Common Sense Survey: Lower-income School May Mean Less Digital Homework


Common Sense Survey: Lower-income School May Mean Less Digital Homework

Sep 27, 2019

WIFI WOES: A new report released by Common Sense may give pause to companies that promote their digital products as a means to increase achievement for students in schools serving lower-income areas. Especially if those products are designed to be used by kids at both school and home.

The report, “The Homework Gap: Teacher Perspectives on Closing the Digital Divide,” found that students in lower-income area schools are less likely to be assigned homework requiring digital tools, possibly because of a lack of high-speed broadband or devices in students’ homes. The Common Sense report is based on a survey of a nationally representative sample of more than 1,200 K-12 teachers.

Among the results:

  • The overall likelihood of homework being assigned that requires access to digital devices and/or broadband internet increases as the grade range does, from 20 percent in grades K-2 to 41 percent in grades 9-12.
  • But 42 percent of teachers in lower-income Title I status schools say they “never” assign homework that requires digital access outside of school, compared to 31 percent of teachers in non-Title I schools who “never” assign it.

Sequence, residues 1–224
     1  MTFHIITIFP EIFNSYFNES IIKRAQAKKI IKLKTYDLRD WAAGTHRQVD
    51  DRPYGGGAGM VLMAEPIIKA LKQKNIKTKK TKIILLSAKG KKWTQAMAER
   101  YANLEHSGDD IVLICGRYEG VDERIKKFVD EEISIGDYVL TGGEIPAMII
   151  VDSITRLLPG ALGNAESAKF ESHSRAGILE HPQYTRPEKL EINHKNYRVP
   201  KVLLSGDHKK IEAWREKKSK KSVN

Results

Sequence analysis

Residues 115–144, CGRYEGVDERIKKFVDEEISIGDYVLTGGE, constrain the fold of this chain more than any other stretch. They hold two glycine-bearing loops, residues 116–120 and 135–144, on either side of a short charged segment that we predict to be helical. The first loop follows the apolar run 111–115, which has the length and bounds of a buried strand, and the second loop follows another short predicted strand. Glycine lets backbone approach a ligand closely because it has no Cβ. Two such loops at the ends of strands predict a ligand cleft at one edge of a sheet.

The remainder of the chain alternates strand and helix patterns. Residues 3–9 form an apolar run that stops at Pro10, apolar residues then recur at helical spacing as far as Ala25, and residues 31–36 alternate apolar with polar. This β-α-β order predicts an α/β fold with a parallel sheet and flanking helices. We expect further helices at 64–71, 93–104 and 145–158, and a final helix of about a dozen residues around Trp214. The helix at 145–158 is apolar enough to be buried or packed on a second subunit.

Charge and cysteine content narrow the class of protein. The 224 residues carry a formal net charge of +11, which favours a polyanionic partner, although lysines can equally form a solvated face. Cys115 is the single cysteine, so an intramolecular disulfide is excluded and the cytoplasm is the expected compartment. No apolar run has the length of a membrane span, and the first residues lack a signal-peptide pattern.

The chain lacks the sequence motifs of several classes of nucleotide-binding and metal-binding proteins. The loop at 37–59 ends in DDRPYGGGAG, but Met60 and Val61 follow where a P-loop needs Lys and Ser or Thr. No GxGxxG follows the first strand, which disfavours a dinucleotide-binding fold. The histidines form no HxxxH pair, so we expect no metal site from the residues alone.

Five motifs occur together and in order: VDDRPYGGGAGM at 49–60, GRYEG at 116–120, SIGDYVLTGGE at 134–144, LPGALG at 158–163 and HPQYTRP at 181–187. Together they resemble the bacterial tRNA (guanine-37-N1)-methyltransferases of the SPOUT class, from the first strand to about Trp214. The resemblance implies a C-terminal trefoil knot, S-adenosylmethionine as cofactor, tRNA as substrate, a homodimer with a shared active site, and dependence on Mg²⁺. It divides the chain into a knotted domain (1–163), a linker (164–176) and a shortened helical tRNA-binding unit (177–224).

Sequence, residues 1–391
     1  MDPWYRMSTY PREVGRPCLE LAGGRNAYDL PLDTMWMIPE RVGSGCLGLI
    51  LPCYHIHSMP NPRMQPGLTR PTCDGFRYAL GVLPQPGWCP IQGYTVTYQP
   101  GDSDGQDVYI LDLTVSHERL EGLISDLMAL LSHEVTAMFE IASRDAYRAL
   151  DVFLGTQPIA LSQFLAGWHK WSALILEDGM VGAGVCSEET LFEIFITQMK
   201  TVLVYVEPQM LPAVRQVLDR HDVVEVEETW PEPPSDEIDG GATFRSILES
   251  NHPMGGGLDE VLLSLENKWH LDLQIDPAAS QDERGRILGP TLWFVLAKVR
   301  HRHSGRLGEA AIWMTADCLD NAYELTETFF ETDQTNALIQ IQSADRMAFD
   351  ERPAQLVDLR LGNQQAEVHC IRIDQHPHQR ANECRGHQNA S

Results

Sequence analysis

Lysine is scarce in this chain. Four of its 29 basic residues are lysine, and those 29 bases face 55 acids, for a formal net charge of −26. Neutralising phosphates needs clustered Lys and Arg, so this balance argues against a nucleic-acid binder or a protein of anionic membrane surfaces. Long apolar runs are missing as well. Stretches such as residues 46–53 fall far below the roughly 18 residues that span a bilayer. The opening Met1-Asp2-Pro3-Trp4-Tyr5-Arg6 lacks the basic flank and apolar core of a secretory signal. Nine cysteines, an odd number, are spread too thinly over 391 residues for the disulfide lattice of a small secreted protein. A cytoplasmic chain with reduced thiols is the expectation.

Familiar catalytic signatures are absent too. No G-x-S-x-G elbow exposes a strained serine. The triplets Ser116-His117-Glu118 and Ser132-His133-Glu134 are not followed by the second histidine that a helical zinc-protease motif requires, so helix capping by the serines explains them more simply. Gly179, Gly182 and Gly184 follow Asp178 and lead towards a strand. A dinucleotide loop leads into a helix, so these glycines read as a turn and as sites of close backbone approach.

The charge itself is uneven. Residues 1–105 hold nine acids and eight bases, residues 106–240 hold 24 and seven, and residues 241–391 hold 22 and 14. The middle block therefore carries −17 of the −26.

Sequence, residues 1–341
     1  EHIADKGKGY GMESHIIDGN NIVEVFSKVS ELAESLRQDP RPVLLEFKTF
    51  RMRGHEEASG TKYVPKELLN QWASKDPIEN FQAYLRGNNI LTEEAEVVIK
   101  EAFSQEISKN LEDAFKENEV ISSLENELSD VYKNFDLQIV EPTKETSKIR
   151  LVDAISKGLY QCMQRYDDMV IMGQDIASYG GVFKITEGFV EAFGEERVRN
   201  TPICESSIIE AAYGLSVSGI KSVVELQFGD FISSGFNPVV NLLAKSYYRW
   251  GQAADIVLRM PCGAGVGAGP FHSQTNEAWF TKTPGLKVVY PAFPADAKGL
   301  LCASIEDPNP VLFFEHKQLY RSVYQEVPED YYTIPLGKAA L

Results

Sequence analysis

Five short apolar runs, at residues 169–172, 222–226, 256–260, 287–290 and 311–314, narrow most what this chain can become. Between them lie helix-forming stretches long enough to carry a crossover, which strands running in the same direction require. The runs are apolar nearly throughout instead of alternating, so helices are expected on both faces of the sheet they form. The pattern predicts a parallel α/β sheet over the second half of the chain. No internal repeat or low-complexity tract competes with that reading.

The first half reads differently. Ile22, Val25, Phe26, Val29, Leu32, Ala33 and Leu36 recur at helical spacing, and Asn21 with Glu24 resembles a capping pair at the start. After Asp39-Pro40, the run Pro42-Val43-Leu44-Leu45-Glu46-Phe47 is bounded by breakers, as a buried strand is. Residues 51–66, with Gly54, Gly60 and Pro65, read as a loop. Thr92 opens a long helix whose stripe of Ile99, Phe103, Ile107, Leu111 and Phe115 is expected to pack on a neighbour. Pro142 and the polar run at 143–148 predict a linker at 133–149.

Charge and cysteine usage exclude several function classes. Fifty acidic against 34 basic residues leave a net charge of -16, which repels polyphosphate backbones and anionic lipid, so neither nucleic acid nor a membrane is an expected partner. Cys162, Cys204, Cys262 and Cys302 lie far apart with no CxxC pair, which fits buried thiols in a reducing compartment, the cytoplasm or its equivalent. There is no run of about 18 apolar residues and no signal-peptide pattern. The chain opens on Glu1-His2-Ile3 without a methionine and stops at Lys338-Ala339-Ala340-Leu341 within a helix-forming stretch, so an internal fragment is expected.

• Generally, 29 percent of teachers say students’ home access to broadband and computing devices limits classroom learning either “quite a bit” or “a great deal.”

While much has been written about digital divides and homework gaps, there’s also been underlying hope that internet access via near-ubiquitous smartphones would help overcome those challenges. The Common Sense survey implies that’s not enough.

There is a caveat to Common Sense’s results. Though the report was issued this month, the teacher survey itself was conducted in May 2018, nearly a year and a half ago. It’s unlikely there have been significant increases in broadband access or decreases in Title I school status since then, but the time lag may be a factor in the underlying methodology.

Common Sense considers the new report a companion to its look earlier this year at technology use by teachers, “The Common Sense Census: Inside the 21st-Century Classroom.” Both reports are based on May 2018 surveys.


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